Michael and Terence Cheng each donated the maximum $2,800 to de Blasio’s presidential campaign in late June after making their Fairness PAC contributions.

Government watchdog group Campaign Legal Center filed an FEC complaint against Mayor Bill de Blasio's presidential campaign.
Government watchdog group Campaign Legal Center filed an FEC complaint against Mayor Bill de Blasio’s presidential campaign. Photo: Ben Fractenberg/THE CITY

Half of the $5,000 they each contributed via the March fundraiser Fairness PAC was redirected to another fund, NY Fairness PAC — a state political action created in 2018 to help Democrats in New York.

The state committee doubled as an exploratory committee for de Blasio’s presidential run — an unusual setup that has allowed the mayor to spend more on his underdog campaign and bring in more contributions from donors without disclosing them to federal regulators, experts say.

Michael and Terence Cheng’s donations were highlighted in a complaint filed with the FEC against de Blasio 2020 and his pair of PACs by the Washington-based Campaign Legal Center. The group alleged the mayor’s campaign “concocted a shell game to arrange for a small number of wealthy donors to support de Blasio’s presidential run above and beyond contribution limits.”

More Donors with Hotels

An engineering firm with ties to Epos Development followed a similar path, supporting de Blasio’s PACs while seeking — and later obtaining — plan approvals.

New Jersey-based LMW Engineering Group, which building records show intends to work on Epos’ Murray Hill hotel, also have contributed to de Blasio’s PACs, according to campaign finance records.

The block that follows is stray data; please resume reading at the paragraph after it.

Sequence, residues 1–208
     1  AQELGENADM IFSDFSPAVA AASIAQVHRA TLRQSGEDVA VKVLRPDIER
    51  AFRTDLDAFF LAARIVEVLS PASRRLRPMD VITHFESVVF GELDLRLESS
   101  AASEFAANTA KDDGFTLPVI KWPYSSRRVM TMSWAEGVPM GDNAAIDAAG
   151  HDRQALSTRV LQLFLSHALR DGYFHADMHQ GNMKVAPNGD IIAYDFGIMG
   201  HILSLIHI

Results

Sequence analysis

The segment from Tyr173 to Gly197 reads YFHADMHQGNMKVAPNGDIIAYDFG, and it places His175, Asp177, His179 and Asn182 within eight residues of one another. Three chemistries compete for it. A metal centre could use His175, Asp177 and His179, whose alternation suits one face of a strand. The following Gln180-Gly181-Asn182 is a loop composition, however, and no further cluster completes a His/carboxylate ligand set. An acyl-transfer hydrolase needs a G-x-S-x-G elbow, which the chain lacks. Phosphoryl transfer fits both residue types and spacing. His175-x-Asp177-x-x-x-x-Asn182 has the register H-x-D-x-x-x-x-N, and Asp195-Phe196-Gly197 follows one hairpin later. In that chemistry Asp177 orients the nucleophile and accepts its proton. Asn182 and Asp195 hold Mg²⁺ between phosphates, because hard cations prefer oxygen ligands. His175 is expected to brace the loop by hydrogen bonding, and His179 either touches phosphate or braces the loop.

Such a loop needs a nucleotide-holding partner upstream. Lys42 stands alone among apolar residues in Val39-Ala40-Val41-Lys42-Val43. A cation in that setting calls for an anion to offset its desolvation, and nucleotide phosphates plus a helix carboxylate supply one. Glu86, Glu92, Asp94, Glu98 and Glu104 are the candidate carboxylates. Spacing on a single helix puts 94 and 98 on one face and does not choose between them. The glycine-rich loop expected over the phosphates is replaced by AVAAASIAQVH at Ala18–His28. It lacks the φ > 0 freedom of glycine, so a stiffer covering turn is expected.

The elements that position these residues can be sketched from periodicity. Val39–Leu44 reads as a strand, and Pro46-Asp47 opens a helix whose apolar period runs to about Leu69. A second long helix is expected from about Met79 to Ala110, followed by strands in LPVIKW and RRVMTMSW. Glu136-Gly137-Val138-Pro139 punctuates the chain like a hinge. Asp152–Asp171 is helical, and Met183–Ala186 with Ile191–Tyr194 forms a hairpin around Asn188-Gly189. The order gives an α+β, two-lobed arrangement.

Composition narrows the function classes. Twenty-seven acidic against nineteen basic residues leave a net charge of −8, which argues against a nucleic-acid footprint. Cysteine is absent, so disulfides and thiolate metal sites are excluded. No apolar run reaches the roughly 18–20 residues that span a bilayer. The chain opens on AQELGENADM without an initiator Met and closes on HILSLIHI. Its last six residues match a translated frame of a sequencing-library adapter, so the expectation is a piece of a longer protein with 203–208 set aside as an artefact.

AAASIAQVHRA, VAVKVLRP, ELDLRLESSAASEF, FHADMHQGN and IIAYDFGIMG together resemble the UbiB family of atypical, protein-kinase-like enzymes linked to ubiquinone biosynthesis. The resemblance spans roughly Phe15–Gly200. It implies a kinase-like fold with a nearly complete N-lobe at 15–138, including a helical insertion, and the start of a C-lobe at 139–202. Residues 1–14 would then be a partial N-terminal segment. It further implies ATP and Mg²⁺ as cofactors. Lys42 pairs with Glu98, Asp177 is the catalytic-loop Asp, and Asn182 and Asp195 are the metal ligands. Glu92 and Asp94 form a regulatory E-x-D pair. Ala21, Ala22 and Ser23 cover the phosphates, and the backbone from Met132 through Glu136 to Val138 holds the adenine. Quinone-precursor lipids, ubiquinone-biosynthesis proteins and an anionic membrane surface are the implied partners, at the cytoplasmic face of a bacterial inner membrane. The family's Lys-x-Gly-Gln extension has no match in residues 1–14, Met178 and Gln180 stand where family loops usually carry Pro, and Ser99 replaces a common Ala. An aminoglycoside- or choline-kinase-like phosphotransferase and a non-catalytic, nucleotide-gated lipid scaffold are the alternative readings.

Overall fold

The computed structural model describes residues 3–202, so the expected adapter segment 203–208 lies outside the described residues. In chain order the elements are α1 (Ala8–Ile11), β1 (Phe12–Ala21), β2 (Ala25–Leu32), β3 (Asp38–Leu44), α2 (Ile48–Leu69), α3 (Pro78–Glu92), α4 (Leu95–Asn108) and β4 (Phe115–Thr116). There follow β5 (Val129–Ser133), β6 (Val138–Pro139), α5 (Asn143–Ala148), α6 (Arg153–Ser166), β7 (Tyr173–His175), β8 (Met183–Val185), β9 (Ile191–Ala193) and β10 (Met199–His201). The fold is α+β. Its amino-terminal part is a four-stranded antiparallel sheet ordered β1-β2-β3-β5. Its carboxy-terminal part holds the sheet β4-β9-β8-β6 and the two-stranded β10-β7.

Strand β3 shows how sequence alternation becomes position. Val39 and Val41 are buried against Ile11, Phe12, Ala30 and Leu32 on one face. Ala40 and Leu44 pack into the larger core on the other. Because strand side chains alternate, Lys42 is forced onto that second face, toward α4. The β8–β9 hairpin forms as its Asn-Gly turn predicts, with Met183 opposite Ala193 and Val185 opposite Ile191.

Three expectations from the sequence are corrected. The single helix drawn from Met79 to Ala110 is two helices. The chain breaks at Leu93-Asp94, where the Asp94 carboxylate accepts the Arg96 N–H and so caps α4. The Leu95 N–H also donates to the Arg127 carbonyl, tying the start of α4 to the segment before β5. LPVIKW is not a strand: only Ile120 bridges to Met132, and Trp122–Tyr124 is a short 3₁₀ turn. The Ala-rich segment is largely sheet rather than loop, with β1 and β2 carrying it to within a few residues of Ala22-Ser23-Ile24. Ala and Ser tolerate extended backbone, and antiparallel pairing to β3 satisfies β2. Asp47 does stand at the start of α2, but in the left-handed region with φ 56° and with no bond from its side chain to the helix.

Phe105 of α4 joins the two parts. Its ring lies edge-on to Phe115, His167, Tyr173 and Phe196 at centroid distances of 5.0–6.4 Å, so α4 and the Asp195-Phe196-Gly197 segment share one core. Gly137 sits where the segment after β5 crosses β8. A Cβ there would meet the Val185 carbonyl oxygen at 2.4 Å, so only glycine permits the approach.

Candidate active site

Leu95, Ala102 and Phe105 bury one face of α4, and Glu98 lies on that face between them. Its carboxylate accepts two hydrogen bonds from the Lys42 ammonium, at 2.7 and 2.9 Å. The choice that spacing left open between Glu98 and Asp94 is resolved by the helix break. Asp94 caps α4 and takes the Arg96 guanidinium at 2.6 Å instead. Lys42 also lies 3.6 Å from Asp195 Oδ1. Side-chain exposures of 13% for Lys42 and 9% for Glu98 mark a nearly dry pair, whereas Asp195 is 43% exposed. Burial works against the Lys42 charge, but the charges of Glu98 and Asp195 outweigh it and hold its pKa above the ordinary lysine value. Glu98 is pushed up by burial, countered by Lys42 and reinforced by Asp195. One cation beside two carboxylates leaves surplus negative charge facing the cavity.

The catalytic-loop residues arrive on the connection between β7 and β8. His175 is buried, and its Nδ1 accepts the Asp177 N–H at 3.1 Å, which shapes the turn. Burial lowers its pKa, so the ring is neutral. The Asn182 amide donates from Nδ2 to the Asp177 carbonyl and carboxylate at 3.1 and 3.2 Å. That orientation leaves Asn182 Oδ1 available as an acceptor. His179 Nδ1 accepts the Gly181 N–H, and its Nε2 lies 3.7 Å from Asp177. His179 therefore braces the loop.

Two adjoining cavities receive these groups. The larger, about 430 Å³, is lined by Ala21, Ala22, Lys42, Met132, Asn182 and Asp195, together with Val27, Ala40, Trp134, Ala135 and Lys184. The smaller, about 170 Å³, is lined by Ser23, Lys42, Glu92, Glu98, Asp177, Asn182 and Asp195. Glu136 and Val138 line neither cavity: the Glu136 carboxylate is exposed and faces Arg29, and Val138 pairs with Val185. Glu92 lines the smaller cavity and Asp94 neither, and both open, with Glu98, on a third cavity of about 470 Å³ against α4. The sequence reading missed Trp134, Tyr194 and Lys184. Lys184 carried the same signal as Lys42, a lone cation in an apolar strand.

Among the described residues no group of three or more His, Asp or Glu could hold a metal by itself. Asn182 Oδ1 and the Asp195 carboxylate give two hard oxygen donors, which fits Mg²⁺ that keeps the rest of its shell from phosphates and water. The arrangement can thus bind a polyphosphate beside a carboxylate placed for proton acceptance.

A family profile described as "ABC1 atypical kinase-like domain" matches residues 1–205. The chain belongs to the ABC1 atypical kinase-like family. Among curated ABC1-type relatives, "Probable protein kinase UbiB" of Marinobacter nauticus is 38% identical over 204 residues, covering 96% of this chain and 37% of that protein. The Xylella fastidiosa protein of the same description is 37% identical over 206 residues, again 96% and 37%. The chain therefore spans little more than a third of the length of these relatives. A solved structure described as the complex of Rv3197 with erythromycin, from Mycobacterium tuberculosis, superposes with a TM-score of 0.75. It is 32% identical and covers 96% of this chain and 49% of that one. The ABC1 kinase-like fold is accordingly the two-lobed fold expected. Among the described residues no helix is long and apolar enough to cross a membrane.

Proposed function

The homepage for the Fairness PAC, created by Mayor Bill de Blasio to support progressive candidates.
The homepage for the Fairness PAC, created by Mayor Bill de Blasio to support progressive candidates. Photo: Screenshot of billdeblasio.com

LMW’s president, Jieming Wang, and another individual who listed their address as Wang’s residence, each donated $10,000 to de Blasio’s two PACs between September and April, FEC and state Board of Election records show.

LMW is also listed as the engineering firm for a planned 25-story hotel at 319 W. 35th St., near Hudson Yards.

Weihong Hu, who is listed as the owner behind that project, filed plans in late May to construct the 166-room hotel. In the months since, plans for the hotel received partial approval, building records show.

Hu and Xiaozhung Ge — who is listed in court records as her husband — donated a combined $15,000 to de Blasio’s PACs between September 2018 and April 2019, according to campaign finance records. Employees and individuals tied to the construction company slated to work on the West 35th Street hotel also have donated nearly $30,000 to de Blasio’s PACs.

Meanwhile, individuals associated with Peter F. Poon Architect, the firm responsible for the building’s design, have contributed $20,000 to the political committees.

Hu, LMW and Peter F. Poon Architects are also involved developing a 29-story hotel at 58 W. 39th St.

Wieng, Hu, Ge, Poon and LMW did not respond to requests for comment.

De Blasio’s fundraising tactics have come under repeated scrutiny from state, federal and city investigators since he became mayor in 2014.

The city Department of Investigation previously cited de Blasio for violating city ethics rules for seeking donations from individuals who had pending business before his administration.